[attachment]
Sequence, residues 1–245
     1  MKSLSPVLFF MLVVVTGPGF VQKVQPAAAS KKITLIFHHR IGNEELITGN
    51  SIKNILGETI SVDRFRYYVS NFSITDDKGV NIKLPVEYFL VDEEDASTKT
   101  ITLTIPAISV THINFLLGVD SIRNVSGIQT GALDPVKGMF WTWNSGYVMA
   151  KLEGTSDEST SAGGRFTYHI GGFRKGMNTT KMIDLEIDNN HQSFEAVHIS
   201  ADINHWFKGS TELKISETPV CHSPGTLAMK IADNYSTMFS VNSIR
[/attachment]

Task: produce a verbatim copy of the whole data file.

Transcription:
Sequence, residues 1–245
     1  MKSLSPVLFF MLVVVTGPGF VQKVQPAAAS KKITLIFHHR IGNEELITGN
    51  SIKNILGETI SVDRFRYYVS NFSITDDKGV NIKLPVEYFL VDEEDASTKT
   101  ITLTIPAISV THINFLLGVD SIRNVSGIQT GALDPVKGMF WTWNSGYVMA
   151  KLEGTSDEST SAGGRFTYHI GGFRKGMNTT KMIDLEIDNN HQSFEAVHIS
   201  ADINHWFKGS TELKISETPV CHSPGTLAMK IADNYSTMFS VNSIR